Last week I wrote that I was about to depart on a one-week cruise from Seattle around Vancouver Island and north along the Inside Passage to points of interest in the Alaskan Panhandle. I’m writing this note from Skagway, our second stop in Alaska. There’s much to report.

Our little party consists of four people: myself, my two granddaughters Satomi Swayne (age 14) and Olivia Swayne (age 10), and Olivia’s other grandmother, Marsha Alan. Girls only this trip, no boys allowed. Our theme for our adventure is: Girls Just Want to Have Fun. So far, we’re doing a good job of it, with a powerful assist from the good people at Princess Cruises and our cruise planner, former Aramcon, John Sugg ([email protected]).

North to Alaska (continued): Juneau & Skagway
Vicci & Marsha - Girls Just Want to Have Fun
North to Alaska (continued): Juneau & Skagway
Marsha & Olivia
North to Alaska (continued): Juneau & Skagway
Satomi & Vicci
North to Alaska (continued): Juneau & Skagway
Jessica & Satomi

Prior to departure, I had contacted the marketing department for Princess Cruises, letting them know that I would be reporting on my experience via the AramcoExPats newsletter and website and asking them if they could provide me with some appropriate images to accompany my stories. Not only did they supply me with a wealth of lovely images, but they had flowers, champagne, a basket of fruit and chocolate-covered strawberries waiting for me when I checked in my stateroom. What a perfect beginning to our seven-day holiday.

We boarded our ship in the Port of Seattle at 1:00 p.m. on Saturday and set sail three hours later, by which time the big girls (Marsha and me) had uncorked the champagne and feasted on the strawberries while the younger girls (Satomi and Olivia) had rendezvoused with Satomi’s friend Jessica from Korea and disappeared into the vastness of the ship in search of fun and adventure. Darkness comes later and later the further north one travels, and the sun did not fully set over the Pacific until well after 10:00 p.m., by which time we were all ready for a night of rest. We would need all the energy we could muster once we stopped at our first port of call, Juneau, the capital of the State of Alaska.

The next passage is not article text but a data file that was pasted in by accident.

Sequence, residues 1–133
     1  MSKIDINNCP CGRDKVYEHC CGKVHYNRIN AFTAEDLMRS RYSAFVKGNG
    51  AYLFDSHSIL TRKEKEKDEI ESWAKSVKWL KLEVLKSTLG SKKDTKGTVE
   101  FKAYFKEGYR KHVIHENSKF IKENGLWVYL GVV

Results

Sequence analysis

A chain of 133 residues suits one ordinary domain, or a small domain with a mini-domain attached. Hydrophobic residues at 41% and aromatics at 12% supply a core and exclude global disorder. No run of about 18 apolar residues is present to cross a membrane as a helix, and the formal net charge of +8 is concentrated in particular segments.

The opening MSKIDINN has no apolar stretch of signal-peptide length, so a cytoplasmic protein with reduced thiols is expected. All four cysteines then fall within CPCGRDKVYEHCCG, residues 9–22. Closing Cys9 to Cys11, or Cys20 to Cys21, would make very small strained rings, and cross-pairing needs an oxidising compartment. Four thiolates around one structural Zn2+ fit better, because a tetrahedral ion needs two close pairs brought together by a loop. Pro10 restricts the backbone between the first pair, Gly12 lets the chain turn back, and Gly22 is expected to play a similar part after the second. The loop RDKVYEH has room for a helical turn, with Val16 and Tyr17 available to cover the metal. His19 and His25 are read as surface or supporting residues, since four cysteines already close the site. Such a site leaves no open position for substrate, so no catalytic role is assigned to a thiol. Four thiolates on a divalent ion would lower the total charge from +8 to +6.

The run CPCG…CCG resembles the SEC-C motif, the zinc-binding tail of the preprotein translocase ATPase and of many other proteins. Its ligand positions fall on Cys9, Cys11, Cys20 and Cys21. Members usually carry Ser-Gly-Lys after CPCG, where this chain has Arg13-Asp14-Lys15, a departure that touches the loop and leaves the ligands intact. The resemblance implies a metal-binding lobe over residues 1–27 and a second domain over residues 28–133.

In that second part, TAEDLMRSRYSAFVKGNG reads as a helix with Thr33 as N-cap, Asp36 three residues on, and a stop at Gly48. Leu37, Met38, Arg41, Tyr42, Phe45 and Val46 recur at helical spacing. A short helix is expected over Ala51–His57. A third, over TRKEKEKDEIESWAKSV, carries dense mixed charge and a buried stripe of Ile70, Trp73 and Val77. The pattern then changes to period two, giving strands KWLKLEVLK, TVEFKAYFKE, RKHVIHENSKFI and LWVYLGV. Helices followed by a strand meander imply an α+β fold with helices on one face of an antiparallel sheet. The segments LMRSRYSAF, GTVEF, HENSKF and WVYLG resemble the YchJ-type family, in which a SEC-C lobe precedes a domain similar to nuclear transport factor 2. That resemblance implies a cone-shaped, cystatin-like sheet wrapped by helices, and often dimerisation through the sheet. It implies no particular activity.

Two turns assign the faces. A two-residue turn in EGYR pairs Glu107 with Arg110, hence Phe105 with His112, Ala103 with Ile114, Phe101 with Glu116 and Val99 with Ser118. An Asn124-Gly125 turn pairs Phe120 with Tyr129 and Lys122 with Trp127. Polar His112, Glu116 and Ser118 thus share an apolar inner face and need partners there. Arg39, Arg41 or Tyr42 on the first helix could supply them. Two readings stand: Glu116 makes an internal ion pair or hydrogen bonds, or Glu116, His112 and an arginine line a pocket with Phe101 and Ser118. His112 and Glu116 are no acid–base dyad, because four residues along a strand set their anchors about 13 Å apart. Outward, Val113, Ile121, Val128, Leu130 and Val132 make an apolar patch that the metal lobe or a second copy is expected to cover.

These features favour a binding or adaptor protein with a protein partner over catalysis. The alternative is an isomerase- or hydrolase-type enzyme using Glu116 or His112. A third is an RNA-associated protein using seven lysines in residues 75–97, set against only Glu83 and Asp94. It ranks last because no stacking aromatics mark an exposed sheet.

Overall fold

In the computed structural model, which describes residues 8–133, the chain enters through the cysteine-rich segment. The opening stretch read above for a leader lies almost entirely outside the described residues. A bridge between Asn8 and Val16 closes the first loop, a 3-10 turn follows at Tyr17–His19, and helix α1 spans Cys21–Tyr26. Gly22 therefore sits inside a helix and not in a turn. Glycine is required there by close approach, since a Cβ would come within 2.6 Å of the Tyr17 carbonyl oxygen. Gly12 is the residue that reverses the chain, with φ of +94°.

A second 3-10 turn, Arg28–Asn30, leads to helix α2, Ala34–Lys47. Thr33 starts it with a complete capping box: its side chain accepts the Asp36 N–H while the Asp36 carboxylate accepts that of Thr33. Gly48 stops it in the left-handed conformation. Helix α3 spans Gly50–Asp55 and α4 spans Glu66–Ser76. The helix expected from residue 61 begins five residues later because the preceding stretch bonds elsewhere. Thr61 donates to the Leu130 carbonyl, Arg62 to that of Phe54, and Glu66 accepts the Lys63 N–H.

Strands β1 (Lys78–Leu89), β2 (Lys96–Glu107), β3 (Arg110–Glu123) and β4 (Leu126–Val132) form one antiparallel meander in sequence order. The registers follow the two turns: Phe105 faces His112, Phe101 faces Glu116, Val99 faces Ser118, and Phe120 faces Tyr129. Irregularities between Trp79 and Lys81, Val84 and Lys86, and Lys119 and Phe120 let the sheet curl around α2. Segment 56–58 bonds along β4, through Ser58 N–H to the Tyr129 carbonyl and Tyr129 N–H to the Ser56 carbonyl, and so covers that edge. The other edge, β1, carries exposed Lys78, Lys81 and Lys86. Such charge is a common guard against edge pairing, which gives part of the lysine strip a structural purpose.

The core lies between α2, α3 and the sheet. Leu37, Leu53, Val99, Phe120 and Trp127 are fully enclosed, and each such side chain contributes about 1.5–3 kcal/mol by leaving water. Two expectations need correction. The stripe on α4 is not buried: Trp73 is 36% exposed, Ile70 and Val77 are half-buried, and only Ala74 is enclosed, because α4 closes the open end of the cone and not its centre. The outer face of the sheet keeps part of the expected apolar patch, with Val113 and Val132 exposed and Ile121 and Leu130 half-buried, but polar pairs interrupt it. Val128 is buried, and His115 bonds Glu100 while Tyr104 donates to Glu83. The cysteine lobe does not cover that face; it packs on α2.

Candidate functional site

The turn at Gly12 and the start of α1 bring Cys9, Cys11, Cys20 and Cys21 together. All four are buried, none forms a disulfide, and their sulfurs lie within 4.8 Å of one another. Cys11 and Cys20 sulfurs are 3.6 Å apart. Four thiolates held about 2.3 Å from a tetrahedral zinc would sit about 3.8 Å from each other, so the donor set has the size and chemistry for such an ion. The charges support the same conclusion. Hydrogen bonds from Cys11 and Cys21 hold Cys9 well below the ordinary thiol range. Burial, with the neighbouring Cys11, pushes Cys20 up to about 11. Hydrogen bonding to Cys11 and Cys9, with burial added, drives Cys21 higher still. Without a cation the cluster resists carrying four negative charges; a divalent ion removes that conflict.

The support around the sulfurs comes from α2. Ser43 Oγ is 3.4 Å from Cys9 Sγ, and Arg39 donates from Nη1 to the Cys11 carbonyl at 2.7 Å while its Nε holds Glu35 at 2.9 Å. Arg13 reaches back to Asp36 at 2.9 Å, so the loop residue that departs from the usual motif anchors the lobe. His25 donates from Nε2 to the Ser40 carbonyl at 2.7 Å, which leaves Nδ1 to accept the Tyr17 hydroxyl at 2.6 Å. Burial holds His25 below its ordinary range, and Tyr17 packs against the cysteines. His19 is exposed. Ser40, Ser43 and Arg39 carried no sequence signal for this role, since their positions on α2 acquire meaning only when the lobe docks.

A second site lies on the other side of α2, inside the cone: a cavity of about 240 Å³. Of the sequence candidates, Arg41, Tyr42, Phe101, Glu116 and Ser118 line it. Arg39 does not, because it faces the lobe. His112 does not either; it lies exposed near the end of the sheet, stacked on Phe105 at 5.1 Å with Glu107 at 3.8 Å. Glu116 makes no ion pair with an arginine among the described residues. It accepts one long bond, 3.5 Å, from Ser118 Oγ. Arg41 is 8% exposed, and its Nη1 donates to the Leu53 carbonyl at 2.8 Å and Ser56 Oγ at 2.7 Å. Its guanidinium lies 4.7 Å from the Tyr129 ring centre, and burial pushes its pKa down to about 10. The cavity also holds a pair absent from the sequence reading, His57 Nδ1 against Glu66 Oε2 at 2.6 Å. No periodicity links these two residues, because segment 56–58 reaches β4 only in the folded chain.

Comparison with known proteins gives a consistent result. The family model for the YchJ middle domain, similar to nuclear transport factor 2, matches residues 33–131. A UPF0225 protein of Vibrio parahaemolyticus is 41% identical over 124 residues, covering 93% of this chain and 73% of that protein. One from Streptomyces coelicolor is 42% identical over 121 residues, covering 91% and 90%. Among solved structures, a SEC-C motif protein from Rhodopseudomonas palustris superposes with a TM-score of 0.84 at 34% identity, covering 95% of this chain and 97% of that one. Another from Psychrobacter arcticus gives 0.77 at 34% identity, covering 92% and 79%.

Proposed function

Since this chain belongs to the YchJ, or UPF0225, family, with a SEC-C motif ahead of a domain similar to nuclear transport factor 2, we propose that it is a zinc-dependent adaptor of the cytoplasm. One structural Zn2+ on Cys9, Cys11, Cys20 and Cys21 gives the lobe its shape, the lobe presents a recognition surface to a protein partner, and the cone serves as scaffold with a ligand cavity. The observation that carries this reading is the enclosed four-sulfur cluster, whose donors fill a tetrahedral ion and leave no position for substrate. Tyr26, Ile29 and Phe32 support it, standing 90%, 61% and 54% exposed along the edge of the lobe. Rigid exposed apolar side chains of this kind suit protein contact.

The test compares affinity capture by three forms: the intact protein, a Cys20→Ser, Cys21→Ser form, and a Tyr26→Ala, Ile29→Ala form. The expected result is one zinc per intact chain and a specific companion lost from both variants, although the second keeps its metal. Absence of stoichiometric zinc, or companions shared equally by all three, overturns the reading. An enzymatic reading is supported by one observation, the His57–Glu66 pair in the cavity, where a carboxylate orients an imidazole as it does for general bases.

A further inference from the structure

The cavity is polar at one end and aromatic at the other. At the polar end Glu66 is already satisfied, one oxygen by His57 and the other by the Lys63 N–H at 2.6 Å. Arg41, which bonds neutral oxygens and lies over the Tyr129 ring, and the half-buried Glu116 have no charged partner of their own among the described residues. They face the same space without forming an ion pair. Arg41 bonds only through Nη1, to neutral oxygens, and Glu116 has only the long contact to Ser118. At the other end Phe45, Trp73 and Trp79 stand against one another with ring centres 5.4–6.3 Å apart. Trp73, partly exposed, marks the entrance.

North to Alaska (continued): Juneau & Skagway
Downtown Juneau

Situated along the Gastineau Channel within the shadows of Mount Juneau and Mount Roberts, Juneau is comprised of a maze of narrow streets lined with a mixture of new construction along with colorful storefronts and quaint houses left over from the town’s early gold mining days. There are no roads connecting Juneau with the outside world. You can get there only by airplane or boat.

The city’s compact downtown area was within easy walking distance of the dock and the four of us spent an entire day shopping and exploring the sites. With so much to see and so little time, we did the best we could to cover the highlights. Alaska is known as “the Last Frontier” and Juneau gave us an appetizing first taste of what was to follow in the coming days. Our only regret was, we couldn’t stay longer. But more adventures awaited us further north. And so, with some reluctance, by 7:00 p.m. we had rebounded our ship and set sail for Skagway.

North to Alaska (continued): Juneau & Skagway
Skagway
North to Alaska (continued): Juneau & Skagway
Railroad Over White Pass

Skagway was the primary jumping off point for dreamers drawn to the Far North in search of gold.  In August 1896 Skookum Jim, George W. Carmack and Dawson Charlie discovered gold on what came to be known as Bonanza Creek, a tributary of the Klondike River, 600 miles from Skagway, giving birth to the fabled Klondike Gold Rush. The trail into the Yukon started in Skagway and wound up the steep slope of White Pass along what came to be known as the “Dead Horse Trail.” Thousands of gold-seekers flocked to the Klondike, every one of them certain they would strike it rich. In fact, only one in twenty ever found enough gold to pay for their adventure. Most of the adventurers returned home poorer than they were when they started out, but that didn’t stop many of them from trying.

The history of Skagway is an untamed tale of adventure and glory, of triumphs and failures, of a fight to tame a lawless frontier settlement, of a life-and-death struggle against impossible odds. Despite a full slate of activities to choose from, I opted instead to spend my day exploring Skagway on foot. Signs of the city’s glory days were everywhere to be seen as I strolled through the compact center of town. Options I did not avail myself of included salmon fishing, whale watching, a helicopter tour of nearby glaciers, helicopter dog-sledding, an excursion to White Pass Summit by rail and bus, rafting and much more.

As I write these words, the ship is getting ready to set sail for our next destination, Glacier Bay. You’ll be hearing more about our on-going adventures in next week’s newsletter.